Project #YAE92 M3: Part 4 – Let’s do some catching up.

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We wanted to start with a completely blank slate, a bare chassis, so we got rid of anything and everything that was bolted, clipped, or fastened to the chassis and from there we put it on a rotisserie and turned loose team principle Jordan Yost and lead fabricator Billy Beddow of 3saurus Fabrication. Together they put in over 100 man hours of fabrication on the chassis alone before we bolted the first part back on.

The roll cage, mounting points, and structural areas of the chassis all remained unchanged but their time was spent on the details; Getting rid of every stud and bracket not used anymore, seam welding the entire chassis, and relocating many of the parts and systems that were due to go back on the car.

 


One of the major fabrication projects they embarked on was lowering our fuel cell. Up until this point, our 22 gallon Pyrotect fuel cell sat on top of our frame rails in the trunk area and butted right up against the bottom of the wing stays. That’s a lot of weight that high in the car and its weight that changes as the fuel burns and sloshes around a bit as well so it was imperative we do what we could to negate the effects of having that much weight back there. To be able to drop the fuel cell, the frame rails had to be cut, notched, and boxed so the cell could be lowered as much as possible while still being protected by the rear bumper beam. The new location also allowed for a better angle for the fuel inlet and vent tubes. Oh, and that bridge looking thing, we’ll get to that in the next article when we talk aero. Photo: Garrett Wade

We also re-located our AP Racing air-jacks further inboard to be better protected in the event of impact. 3saurus Fabrication also completely re-designed our air jack mounts to shed a few extra pounds over last year’s design and hard lines were made to replace the heavy and ugly rubber lines we had previously used. The amount of pressure these lines need to withstand is tremendous so every line and fitting had to be exact in order not to leak pressure. The mounts for our front air jacks are in the corners of our foot wells.

Once the fabrication on the chassis was done, the entire thing was media blasted and epoxy coated in new race car white for that fresh & clean feel and professional look. You can see another view of our rear air jack mounts here without the air jacks in them as well.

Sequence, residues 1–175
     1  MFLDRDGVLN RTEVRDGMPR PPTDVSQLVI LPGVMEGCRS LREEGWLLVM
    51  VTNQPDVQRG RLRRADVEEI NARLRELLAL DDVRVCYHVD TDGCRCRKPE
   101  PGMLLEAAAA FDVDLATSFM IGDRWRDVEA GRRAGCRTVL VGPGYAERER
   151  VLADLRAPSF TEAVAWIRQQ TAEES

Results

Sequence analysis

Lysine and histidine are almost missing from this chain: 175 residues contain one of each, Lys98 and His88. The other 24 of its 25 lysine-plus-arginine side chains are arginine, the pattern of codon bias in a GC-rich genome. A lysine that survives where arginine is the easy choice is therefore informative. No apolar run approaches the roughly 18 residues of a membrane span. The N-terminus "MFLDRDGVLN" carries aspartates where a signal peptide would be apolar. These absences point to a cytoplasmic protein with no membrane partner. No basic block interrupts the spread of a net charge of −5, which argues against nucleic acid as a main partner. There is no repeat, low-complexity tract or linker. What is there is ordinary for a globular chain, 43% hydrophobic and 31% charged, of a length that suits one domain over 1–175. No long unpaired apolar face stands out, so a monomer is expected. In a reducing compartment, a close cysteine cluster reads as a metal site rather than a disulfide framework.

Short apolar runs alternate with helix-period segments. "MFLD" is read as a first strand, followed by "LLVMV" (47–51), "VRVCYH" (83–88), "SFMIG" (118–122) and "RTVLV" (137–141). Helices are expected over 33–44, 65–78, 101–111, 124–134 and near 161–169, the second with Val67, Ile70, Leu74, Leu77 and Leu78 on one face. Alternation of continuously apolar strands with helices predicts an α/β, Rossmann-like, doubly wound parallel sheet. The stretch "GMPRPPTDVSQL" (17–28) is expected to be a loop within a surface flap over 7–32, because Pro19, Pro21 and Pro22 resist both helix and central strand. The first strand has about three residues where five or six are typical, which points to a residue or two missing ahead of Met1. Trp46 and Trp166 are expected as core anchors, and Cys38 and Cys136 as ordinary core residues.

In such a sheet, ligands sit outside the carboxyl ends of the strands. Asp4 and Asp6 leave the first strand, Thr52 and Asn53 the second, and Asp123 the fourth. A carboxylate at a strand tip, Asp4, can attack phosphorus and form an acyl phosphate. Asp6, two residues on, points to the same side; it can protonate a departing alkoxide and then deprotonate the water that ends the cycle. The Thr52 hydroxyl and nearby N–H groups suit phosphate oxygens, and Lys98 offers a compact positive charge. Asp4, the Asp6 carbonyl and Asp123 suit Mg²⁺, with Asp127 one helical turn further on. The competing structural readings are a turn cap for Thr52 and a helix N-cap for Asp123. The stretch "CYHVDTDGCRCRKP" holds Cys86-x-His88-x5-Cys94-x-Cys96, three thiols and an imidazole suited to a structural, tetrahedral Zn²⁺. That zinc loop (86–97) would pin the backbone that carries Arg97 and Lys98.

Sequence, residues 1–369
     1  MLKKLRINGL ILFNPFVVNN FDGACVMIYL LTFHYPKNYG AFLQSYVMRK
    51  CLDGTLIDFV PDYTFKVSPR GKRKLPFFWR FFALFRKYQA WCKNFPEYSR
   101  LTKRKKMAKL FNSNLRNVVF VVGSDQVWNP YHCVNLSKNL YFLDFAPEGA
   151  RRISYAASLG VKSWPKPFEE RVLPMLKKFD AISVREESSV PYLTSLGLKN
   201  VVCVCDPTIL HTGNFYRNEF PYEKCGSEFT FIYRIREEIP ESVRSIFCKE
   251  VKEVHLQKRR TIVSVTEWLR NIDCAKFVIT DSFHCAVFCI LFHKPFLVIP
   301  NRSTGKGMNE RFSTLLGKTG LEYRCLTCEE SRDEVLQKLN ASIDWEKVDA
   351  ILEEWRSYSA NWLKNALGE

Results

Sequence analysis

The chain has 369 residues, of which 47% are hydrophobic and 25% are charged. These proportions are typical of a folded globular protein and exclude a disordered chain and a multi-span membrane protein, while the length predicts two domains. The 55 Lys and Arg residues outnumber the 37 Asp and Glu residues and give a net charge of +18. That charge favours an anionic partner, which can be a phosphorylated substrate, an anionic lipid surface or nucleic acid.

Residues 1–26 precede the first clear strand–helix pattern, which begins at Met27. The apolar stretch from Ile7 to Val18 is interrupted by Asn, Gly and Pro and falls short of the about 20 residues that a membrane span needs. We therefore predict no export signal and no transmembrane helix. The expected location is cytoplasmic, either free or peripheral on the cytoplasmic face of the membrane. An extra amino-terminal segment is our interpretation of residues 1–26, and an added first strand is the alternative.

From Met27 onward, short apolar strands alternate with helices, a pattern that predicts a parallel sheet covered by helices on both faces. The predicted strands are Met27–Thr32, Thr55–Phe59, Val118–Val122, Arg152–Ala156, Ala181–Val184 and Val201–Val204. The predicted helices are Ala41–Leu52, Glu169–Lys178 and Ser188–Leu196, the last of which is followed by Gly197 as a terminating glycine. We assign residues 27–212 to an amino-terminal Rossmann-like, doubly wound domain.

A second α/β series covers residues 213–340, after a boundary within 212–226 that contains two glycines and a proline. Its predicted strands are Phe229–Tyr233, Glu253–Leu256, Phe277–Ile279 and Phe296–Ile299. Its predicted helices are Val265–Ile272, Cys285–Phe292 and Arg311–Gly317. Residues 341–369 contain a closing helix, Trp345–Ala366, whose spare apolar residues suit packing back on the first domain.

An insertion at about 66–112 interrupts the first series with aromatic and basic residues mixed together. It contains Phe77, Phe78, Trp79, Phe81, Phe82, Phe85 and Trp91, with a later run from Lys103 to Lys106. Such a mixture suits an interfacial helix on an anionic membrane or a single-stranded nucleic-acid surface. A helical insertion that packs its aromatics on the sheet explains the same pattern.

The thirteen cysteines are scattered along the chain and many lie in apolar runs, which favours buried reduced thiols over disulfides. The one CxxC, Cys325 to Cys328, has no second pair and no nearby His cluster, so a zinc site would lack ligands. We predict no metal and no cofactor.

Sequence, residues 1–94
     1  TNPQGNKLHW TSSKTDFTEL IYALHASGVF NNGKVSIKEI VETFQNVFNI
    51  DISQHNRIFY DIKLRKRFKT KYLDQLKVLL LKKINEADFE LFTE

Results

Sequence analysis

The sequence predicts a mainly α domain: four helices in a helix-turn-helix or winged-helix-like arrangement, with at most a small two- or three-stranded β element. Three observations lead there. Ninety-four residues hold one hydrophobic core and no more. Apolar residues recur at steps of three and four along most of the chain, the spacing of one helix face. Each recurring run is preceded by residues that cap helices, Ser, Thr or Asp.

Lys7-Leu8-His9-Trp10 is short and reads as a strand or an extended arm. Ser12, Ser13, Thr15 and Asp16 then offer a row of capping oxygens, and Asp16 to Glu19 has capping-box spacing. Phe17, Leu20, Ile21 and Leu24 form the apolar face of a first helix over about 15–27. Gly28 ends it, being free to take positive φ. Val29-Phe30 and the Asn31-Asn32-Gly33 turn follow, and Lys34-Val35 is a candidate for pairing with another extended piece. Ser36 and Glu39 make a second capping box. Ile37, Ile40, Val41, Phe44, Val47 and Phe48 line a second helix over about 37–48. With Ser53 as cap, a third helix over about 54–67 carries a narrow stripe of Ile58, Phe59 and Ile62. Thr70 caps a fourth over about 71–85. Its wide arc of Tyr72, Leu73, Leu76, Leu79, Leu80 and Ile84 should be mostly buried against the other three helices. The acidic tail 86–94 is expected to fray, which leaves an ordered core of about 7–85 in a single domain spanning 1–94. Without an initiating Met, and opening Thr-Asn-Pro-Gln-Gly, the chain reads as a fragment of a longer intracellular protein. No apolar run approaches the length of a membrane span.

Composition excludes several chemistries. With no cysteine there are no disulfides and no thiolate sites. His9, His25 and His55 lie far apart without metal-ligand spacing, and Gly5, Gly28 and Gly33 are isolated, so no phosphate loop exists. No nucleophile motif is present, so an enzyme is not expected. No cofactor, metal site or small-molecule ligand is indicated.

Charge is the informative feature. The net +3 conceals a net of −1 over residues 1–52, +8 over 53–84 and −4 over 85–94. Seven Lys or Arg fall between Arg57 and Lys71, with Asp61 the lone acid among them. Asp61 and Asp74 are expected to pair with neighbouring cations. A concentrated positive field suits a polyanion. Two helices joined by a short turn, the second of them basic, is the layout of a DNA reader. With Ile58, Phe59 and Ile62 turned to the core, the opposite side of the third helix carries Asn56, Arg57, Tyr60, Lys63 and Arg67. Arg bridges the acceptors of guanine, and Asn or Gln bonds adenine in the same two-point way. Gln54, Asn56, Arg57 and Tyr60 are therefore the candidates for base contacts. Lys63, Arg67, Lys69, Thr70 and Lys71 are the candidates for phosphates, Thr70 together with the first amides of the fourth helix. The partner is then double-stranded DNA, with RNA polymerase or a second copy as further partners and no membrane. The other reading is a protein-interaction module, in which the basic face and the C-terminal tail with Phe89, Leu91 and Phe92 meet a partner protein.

One of the other things we didn’t get to in our previous articles was our electronics system. Early on in the build we tried our hardest to gut the stock wiring harness in order to save some money. That turned out to be a bad idea. We got to the point where the time and effort it was taking to get everything to work properly was costing us more than just scrapping it all together and going with a full custom wiring harness and stand-alone ECU, which is where we always wanted to end up anyway.

While it ate up a lot of extra time and budget, we went to Apex Speed Technology for a complete custom wiring harness that fed a Pectel stand-alone ECU. This decision dropped 60 lbs. of wiring over the stock harness with an infinite amount of adjustability and tuneability. The Pectel ECU works in conjunction with our Motec digital dash display which gives the driver everything he could ever want to know from operating temperatures of critical parts to lap times and sector times.

 

For the purposes of endurance racing we need to know a lot of information quickly and easily. Our MoTeC digital dash does that for us. Whether it’s as simple as a programmable shift light or warning lights for operating temperatures of critical parts this dash does it all. It also gives the driver lap times which is huge in endurance racing when you’re trying to manage fuel mileage while managing gaps on your competition. The steering wheel controls are simple with buttons for radio communication with the pits, change through display settings on the digital dash, and a toggle switch for flashing the headlights to “communicate” with other drivers while on track.

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